The beauty of what I did was invariably these guys thought what they were doing was cool, so there was no real denial of what had happened or they’d do it again on camera with me, because who was I? I was no threat to them. I was just some meaningless little chick with a camera. Sadly, for them they underestimated my abilities.
In our trainings we teach individuals how to confront their harassers using non-violent verbal methods and the topic of whether or not to confront a harasser has been a hot topic on our blog. Many readers say they are fearful of the harasser’s reaction. While filming did you ever receive any negative or dangerous reactions from the harassers when you confronted them? What advice would you give our readers when it comes to deciding weather or not to comfort a harasser?
In the making of War Zone their were probably twenty guys who tried to knock the camera or mic out of my hands, and two of them smashed it into my head. There was a man in San Francisco that I’m certain would have stabbed or shot me, if it hadn’t been daylight and we were in a crowded part of the city, and there was another guy who punched me in the side of my head.
The upside of that is, I believe that my thesis was confirmed: That this seemingly benign behavior is about a continuum of violence by men against women that begins with non-verbal aggression and can escalate into sexual assault, rape and even murder. (This does also happens with men on men, women on men and women on women, but statistically, men on women predominate.)
I believe the decision to confront an aggressor is determined first and foremost by an assessment of the individuals safety. Then need. Women have an enormous amount of pent up rage over this continuous onslaught of aggression. Sometimes that means women just have to say something in the moment. What is important to remember is that the person who is being harassed doesn’t want to escalate the situation, so she should use classic sexual assault protection language, which in general means being clear that you’d like the behavior to stop, but DON’T insult the aggressor in anyway (easier said than done). Also, more often then you’d think, there are opportunities later to speak out, like on HollaBack, or by making a complaint to the company, organization, store, or whatever that the guy may be affiliated with. So given an opportunity, I advocate REPORT, REPORT, REPORT. With the above listed, police, or whoever, however.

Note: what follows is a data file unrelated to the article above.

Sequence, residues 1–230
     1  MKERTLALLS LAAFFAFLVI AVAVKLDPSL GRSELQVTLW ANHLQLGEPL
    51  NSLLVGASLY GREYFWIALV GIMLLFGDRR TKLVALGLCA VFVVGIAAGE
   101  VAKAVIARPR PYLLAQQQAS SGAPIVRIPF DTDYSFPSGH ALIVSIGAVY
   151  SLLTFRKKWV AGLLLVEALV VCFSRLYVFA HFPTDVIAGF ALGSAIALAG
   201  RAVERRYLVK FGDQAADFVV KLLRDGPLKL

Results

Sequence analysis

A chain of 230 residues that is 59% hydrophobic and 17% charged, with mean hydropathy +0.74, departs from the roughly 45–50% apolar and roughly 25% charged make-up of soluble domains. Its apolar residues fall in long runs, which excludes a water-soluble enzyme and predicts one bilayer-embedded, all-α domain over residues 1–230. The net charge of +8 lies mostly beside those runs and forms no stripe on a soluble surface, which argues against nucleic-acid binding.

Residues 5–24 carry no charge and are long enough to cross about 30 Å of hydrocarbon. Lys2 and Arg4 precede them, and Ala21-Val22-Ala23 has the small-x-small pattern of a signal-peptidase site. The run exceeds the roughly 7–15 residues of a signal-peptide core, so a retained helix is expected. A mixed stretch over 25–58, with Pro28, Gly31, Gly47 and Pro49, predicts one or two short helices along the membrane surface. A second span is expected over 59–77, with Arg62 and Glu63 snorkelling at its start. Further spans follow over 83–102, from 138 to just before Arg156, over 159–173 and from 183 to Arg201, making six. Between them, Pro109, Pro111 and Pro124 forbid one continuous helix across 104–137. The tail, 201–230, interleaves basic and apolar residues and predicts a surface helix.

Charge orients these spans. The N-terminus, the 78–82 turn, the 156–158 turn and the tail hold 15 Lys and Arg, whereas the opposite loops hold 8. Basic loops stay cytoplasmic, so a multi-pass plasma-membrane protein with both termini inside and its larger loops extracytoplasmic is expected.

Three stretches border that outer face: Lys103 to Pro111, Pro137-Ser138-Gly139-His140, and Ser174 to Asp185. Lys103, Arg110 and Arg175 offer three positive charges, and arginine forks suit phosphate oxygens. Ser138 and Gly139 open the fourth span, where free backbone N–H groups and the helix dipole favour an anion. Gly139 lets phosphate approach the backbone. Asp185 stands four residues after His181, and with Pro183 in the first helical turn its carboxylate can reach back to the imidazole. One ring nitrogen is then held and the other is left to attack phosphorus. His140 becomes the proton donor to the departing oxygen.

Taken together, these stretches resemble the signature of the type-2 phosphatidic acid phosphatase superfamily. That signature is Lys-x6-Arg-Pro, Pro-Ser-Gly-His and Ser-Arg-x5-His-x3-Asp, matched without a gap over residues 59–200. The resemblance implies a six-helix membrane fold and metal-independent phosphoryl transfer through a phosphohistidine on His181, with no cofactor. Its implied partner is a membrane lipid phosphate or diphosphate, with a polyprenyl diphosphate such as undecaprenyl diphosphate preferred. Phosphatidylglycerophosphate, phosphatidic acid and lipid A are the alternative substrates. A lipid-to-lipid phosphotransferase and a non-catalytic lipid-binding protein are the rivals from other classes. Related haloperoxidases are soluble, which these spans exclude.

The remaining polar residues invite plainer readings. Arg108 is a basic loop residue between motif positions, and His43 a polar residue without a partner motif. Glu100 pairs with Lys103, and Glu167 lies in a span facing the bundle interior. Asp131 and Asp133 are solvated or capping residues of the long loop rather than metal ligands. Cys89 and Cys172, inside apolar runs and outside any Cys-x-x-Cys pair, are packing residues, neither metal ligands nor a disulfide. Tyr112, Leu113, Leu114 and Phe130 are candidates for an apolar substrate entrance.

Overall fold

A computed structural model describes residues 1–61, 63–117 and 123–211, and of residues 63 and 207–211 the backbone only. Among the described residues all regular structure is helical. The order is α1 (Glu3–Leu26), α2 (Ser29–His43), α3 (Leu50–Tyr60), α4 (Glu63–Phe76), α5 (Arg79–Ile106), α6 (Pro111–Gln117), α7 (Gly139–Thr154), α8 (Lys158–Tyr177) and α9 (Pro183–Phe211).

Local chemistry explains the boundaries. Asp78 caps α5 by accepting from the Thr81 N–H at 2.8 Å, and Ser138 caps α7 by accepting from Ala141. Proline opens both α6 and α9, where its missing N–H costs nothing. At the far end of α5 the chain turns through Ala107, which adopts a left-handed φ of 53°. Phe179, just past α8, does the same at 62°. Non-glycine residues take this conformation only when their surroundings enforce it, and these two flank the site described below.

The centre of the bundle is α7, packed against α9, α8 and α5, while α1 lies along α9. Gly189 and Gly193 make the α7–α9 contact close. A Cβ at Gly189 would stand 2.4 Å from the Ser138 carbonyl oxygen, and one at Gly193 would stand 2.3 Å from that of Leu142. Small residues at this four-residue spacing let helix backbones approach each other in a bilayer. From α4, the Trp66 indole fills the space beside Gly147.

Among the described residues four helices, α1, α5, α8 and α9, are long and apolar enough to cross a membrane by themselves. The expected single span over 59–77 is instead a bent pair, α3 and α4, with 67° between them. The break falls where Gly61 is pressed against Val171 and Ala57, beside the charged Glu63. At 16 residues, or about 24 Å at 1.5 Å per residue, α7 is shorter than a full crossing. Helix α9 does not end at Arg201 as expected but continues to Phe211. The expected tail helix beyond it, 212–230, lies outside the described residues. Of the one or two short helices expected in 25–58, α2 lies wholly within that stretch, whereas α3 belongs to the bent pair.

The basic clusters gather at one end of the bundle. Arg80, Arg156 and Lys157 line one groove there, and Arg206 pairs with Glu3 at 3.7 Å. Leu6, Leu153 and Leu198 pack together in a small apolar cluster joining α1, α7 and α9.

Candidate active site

What are some of the main lessons you learned about street harassment from shooting your film that you would like to share with out readers?
That things are changing. Slowly but surely. When I began this work I was out there pretty much alone, and was considered a man-hating, crazy-thinking woman, and today many government, teaching and organizational bodies use my film to train men and women around issues of sexism, sexual assault and rape. HollaBackNYC was originally inspired in part by my film, and to me it is one of the best and most immediately effective tools to address the issue of street abuse, and I believe the work that you all are doing is by far the most progressive.
And even more importantly, catcalling, “complimenting”, degrading women in public etc., are literally the training ground for sexual predators. This is where they learn how far they can go, and what is culturally acceptable. That of course doesn’t mean that every man that engages in these behaviors is going to be a rapist, but some are. That is a fact. And the sooner we diminish the acceptability of this behavior, the better our chances are of reducing the risk of sexual assault and rape.
On a personal note, I’d like to say that when you are able to exorcize this cultural demon from your body, I have found that it makes the world a much easier and happier place to be.
Do you have any tips on how anyone can use art to Holla Back against street harassment or any other injustices?
Yup, I always say pick up whatever medium you are most comfortable with, or have a desire to learn, and holla back with passion.
Use your voice, graphic design, sculpture (that was my first), song (Maggie Estep, Hey Baby), write an article, book or blog, tell your friends, make a movie about how it manifests in a specific culture, create a performance for theater or for the moment… Do whatever excites you because if it doesn’t it’s harder to finish the work. And we need many more voices of dissension out there to eradicate this menacing, threatening and potentially deadly behavior.
I’ll conclude with one of my favorite in the moment performances by a friend of mine:
Lisa is walking down the street in Manhattan and a guy starts following her talking about what he wants to do with her big breasts. When she realizes that he’s not going to either stop his degrading chatter, or stop following her, she very abruptly turns around, invades his personal space and screams loudly into his face, Do you have the time?
Scared the shit out of the poor guy.
Thanks Maggie! We love the work you’re doing!